STUTTGART, Germany – As the NATO alliance looks to the next decade, it must commit to developing new disruptive and emerging technologies while avoiding a “technological divide between allies,” its leader said on Feb.15.
The 30-strong military alliance attaches “great importance” to cutting-edge technology and welcomes members to increase their investment in these areas, Secretary General Jens Stoltenberg told reporters in a virtual press conference before meeting with member states’ defense ministers later this week.
However, these technologies must be interoperable and NATO must develop common standards across the alliance, he added. “We need to make sure that when various allies have increasingly advanced capabilities – planes, main battle tanks, ships, drones, whatever it is – can communicate that we don’t have a new technological gap,” he said.
“Everything to do with interoperability and NATO standards has always been important to NATO,” he continued. As governments around the world seek to add high-tech weapons to their arsenals, it has become even more important for the Alliance to develop common standards “to ensure that our armed forces are interoperable in the face of disruptive and emerging technology. ”
NATO also has the chance to be the standard bearer and to develop guidelines for the ethical use of new systems, said Stoltenberg. “I firmly believe that we should also look into how NATO can be the platform to address ethical aspects of these technologies.”
Some NATO monitors have urged the alliance to develop a strategy that focuses on new and disruptive technology investments. Stoltenberg reiterated the need to focus on these areas, citing in particular artificial intelligence, quantum computers, facial recognition technology and autonomous systems.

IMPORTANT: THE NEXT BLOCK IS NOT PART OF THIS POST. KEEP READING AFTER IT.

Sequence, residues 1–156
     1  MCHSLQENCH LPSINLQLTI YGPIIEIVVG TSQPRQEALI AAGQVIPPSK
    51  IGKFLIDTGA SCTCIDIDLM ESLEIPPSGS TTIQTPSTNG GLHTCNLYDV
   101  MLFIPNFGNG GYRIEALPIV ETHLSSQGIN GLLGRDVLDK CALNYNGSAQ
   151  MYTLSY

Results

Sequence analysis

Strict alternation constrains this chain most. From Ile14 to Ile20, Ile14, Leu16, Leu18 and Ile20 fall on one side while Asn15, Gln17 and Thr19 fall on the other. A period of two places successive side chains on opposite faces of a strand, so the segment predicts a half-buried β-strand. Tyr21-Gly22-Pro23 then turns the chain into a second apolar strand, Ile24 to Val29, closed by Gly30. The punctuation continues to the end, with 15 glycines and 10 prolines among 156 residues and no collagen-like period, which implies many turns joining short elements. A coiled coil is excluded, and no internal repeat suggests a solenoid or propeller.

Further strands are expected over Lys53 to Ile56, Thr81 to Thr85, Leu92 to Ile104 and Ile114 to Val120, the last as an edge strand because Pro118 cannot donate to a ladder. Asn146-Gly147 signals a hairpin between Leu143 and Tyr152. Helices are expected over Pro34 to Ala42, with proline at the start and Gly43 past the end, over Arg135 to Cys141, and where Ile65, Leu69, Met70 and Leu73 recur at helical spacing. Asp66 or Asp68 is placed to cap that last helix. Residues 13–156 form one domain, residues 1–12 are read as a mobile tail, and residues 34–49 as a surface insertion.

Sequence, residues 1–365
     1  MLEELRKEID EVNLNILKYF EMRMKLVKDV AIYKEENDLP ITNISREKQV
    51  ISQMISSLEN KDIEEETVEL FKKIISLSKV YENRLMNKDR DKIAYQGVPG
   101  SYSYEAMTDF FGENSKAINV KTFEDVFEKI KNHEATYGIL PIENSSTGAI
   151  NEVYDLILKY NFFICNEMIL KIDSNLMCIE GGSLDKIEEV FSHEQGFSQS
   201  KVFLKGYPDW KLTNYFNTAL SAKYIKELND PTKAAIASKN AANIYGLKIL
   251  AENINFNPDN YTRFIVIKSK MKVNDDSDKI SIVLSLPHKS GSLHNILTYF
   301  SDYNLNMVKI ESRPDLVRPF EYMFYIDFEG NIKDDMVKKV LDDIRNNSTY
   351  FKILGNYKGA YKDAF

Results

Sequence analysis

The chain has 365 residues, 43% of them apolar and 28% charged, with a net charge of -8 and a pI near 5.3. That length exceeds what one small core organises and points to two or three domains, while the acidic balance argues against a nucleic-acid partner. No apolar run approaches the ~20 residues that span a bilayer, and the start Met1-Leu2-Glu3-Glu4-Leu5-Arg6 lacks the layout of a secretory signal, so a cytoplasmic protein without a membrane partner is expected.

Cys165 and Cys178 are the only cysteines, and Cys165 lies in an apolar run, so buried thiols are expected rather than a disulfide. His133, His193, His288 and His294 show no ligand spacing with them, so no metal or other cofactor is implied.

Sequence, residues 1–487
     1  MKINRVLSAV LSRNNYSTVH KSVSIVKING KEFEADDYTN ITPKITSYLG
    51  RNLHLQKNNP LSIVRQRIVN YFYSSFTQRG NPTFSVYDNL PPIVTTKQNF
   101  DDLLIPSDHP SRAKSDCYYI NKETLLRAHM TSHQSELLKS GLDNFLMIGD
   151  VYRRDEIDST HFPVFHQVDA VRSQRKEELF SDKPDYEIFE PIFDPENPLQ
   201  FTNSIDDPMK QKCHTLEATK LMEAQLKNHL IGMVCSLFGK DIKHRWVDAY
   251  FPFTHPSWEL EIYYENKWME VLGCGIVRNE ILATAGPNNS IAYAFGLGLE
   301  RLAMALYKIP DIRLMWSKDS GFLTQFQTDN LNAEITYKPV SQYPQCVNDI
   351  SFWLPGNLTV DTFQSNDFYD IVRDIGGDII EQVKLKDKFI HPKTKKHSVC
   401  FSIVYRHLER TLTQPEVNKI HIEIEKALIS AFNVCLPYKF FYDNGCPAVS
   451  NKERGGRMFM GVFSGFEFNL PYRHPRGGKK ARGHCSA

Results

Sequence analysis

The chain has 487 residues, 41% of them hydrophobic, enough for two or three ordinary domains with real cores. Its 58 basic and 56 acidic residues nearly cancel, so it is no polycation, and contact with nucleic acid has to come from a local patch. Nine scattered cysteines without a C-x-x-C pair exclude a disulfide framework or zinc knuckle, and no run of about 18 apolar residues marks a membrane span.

“When you combine all of these technologies, it will really have an impact on the nature of warfare and the way we conduct our military operations,” he said.
Twenty-four allies have pledged to spend 20 percent of their defense spending on new equipment and technology, Stoltenberg said. That being said, “We have to make sure we move on [to invest]and that we keep up the pace, ”he added.
For this purpose, Stoltenberg wants to start a NATO initiative for defense innovations within the framework of the upcoming “NATO 2030” concept. Through this initiative, the alliance would “maintain our technological edge” by working more closely with the private sector and startups on both sides of the Atlantic, he said.
The NATO chief plans to propose to Defense Ministers what he wants to see in NATO’s 2030 Strategy this week, ahead of the upcoming summit later this year. He did not announce a date for the event.
Among other things, he calls for an increase in NATO funds for “core deterrent and defense activities” in order to support operations on the eastern flank and in the Alliance’s exercises and to contribute to a “fairer burden-sharing”. He noted that the European allies and Canada have contributed a total of $ 190 billion to the alliance since 2014 and that nine members are now expected to spend 2 percent or more of their GDP on defense.
Stoltenberg would also like to see “clearer and more measurable” national resilience targets and an annual review of vulnerabilities in the Alliance’s critical infrastructure and technology, including any vulnerabilities resulting from foreign ownership.